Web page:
The standard behaviour in GNOME, and indeed as enshrined in the Unix philosophy, is that applications should each do one thing well. This idea should not disintegrate as we move from CLI to GUI, but rather reinforce itself as technologies like D-Bus become more prominent due to the now-common act of multi-tasking. Thus, Epiphany's way is preferable; it gives the user a choice of RSS readers, which is good, and it moves unnecessary chunks out of the web browser. -- DylanMccall DateTime(2007-10-21T04:25:33Z)
Epiphany currently has some better tab handling features, such as re-ordering (although Firefox 1.5 gets some of these). Firefox's behaviour of shrinking tabs, when there are a large number, is generall considered to be better than Epiphany's behaviour of having scroll buttons (re http://bugzilla.gnome.org/show_bug.cgi?id=153792).
(but does the average user ever have enough tabs open to have this problem? --Michael10)
Firefox has the interesting behaviour of opening pages in tabs very frequently, such as when links have the target _blank. Epiphany's tab handling features are inhereted from GTK. As a result, any changes in behaviour are intuitively visible to the user as desktop-wide changes (which make much more sense to some less knowledgeable users who see the behaviour of the operating system's installed software as if one single program). This also means that changes in tab bar behaviour are not developed specifically for the web browser use case. Realistically, this should not be a problem, as being a web browser does not justify being "weird". Put very simply, a web browser is a document renderer with an address bar and a few navigation features. While how it opens documents is a matter of discussion, the difference in tab bar behaviour, at the level of the user interface widget itself, should not be considered a thing that necessarily impacts the performance of the web browser. This is a matter of the user interface toolkit used in the desktop, and it does not seem likely that GNOME will be moving to XUL any time soon... -- DylanMccall DateTime(2007-10-21T04:25:33Z)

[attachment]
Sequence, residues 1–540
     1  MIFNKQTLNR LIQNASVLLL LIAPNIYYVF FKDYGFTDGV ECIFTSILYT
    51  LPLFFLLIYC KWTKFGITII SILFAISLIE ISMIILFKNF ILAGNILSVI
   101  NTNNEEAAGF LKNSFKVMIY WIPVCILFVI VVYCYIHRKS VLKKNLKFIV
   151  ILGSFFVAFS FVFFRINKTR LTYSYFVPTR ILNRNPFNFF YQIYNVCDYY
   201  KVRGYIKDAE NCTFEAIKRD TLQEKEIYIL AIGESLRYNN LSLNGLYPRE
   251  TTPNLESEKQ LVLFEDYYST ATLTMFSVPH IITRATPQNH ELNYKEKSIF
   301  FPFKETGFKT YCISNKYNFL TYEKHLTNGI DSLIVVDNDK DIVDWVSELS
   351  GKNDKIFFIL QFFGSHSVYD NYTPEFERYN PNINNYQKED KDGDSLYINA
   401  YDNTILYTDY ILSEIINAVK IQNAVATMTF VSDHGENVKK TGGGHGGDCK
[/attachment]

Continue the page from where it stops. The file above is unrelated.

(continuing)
Some people have stepped up to provide extensions that changes some functionality of Epiphany, such as mimicing the tab bar behavior of Firefox. A blog post regarding the [http://blogs.gnome.org/view/epiphany/2006/06/25/0 New extensions and 2.15 developments] of Epiphany seems to mention that they will be added in Epiphany 2.16 -- EaldenEscanan
- Firefox keeps bookmarks in a heirachy, whereas in Epiphany bookmarks can belong to a number of "topics" (like folders). In practice Epiphany's method lets you put bookmarks in several places so you don't have to remember exactly where you put it, but it can be awkward if you have a large number of bookmarks.